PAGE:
This is the second in a series of conversations with our 2020 Huron Pines AmeriCorps members. We talk highlights, takeaways, and what their average days have been like in a not-so-average service year.
We’ll open our discussion with a foreword from Jen Davis, who volunteered at a Michigan United Conservation Clubs’ (MUCC) On the Ground event Dewan led this summer in Petersburg, Mich.:
I am keen to give my time and energy to projects that help improve wildlife habitat for any and all native wildlife and MUCC has a track record of providing great opportunities to do this. We accomplished our goal of planting 250 fireweed plants which are an important plant species for several pollinators.
Joe was exceptionally friendly, helpful and respectful of our need to maintain social distance. We had a great conversation about trash pick-up, both as a personal activity that we both enjoy and as an organized event. He gave me a few pointers about setting up such an event for a group I recently started working with.
Joe is stupendous! He has seemingly boundless energy and a positive outlook, both of which are infectious.Jen Davis, MUCC On the Ground volunteer, Ann Arbor
Q&A with Huron Pines AmeriCorps Member Joe Dewan
Position: Engagement Specialist for Michigan United Conservation Clubs, Lansing
Hometown: East Lansing
Education: Bachelor of Science in environmental studies and sustainability, Michigan State University
Interests: Reading and trail running
What drew you to Huron Pines AmeriCorps?
I was interested in getting out into the field. Serving with Huron Pines AmeriCorps seemed like a wonderful opportunity to serve and do hands-on conservation work.
What experiences from your service do you think will serve you best on your career path?
Some of my favorite experiences that I think will serve me well in the future have been planning field events for volunteers. The days that I spent out in the field with volunteers were educational and some of the best of the entire service term.
In what ways did your work change after COVID hit? What was the biggest challenge you faced and what did you do to deal with it?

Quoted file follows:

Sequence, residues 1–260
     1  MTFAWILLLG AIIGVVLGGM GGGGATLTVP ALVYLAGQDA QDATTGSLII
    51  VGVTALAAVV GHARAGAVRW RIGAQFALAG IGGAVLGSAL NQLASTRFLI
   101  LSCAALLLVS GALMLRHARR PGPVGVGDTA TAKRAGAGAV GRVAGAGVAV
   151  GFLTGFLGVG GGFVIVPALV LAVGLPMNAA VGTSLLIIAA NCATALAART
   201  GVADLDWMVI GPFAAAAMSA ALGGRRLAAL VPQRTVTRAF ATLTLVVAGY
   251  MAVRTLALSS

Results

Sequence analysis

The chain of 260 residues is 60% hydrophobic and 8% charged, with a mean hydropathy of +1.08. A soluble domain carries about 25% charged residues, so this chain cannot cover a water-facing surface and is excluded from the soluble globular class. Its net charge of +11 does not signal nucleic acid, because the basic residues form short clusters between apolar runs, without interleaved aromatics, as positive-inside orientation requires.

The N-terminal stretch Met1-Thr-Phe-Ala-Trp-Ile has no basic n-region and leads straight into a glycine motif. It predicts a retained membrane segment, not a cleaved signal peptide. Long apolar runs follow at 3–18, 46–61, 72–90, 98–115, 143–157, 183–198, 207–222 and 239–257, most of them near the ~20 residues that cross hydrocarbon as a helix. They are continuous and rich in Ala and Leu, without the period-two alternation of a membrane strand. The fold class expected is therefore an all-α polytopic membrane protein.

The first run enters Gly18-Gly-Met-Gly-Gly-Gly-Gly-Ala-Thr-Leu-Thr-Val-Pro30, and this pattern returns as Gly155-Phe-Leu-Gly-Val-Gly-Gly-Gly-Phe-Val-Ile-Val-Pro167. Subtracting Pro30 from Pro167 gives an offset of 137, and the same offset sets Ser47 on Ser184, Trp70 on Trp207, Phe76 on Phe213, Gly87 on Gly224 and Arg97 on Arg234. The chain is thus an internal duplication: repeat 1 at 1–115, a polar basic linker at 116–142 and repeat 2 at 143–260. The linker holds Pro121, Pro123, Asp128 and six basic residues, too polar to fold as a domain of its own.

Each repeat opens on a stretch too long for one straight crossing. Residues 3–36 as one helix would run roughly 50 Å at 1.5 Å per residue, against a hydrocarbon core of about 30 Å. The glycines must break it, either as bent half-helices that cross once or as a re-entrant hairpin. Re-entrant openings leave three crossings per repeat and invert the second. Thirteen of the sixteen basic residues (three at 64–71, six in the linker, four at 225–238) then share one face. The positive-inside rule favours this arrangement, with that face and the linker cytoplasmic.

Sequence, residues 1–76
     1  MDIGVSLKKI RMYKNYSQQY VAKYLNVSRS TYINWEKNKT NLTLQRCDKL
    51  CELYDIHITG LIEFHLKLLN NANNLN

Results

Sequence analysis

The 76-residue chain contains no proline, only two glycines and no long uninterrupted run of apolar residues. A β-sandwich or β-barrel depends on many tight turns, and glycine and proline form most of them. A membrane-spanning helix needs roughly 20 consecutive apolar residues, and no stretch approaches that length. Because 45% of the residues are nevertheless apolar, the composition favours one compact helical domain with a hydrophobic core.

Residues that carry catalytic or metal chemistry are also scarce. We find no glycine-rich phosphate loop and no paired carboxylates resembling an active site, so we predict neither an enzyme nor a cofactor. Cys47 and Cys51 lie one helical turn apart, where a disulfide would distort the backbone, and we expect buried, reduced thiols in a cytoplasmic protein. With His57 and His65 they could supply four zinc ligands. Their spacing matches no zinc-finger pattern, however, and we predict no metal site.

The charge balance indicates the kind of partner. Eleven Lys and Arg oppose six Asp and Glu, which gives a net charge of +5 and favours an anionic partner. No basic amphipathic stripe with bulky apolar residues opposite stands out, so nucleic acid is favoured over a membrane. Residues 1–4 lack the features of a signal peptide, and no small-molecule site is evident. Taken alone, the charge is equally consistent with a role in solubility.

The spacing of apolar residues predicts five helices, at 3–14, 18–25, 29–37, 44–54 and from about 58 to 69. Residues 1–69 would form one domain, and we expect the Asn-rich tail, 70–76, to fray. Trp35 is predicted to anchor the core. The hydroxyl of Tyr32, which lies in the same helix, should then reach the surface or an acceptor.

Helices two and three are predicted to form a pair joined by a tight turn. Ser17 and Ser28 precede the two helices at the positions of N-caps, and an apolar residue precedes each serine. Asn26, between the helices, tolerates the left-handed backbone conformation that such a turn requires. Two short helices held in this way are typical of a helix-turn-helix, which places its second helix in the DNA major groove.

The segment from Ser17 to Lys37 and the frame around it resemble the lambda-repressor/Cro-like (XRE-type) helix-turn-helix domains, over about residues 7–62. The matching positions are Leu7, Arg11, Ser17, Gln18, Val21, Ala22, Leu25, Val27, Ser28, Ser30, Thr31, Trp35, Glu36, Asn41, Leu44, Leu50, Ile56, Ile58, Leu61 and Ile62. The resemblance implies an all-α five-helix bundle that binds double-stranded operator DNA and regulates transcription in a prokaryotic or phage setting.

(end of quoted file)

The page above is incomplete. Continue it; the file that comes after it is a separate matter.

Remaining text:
The biggest challenge was that our entire spring field season was cancelled. Prior to COVID we had events scheduled every weekend in March, April, May and June. Once COVID hit I had to get creative to get out in the field so I found other ways to serve my host site, one of which was going once a week to pick up trash at state game areas and other public land sites.
What was your best day?
Back in February, our On the Ground program hosted an event at the Shiawassee River State Game Area. We divided into two groups to install new wood duck boxes and to check existing boxes in the state game area. We had volunteers who were avid duck hunters as well as volunteers who were big-time birders. It was a really fun day and it was great to see members from different communities come together to build waterfowl habitat.
What were your most rewarding on-the-ground projects?
I helped plan our On the Water program’s Red Cedar River Cleanup on Aug 29.
I have a particular affinity for the Red Cedar as I grew up in East Lansing, attended Michigan State University and spent many formative years exploring the river. We partnered with the Ingham Conservation District and Friends of the Red Cedar group, and kayaks were donated by River Town Adventures. We also had volunteers come out from the local Trout Unlimited chapter as well as the Middle Grand River Organization of Watersheds.
We removed 225 pounds of trash from the river but what I am excited about is that we were able to engage so many groups that have an interest in the well-being of the river.
Huron Pines AmeriCorps is a program of Huron Pines and is supported in part by the Corporation for National and Community Service, Michigan Community Service Commission, Huron Pines and contributions from host sites.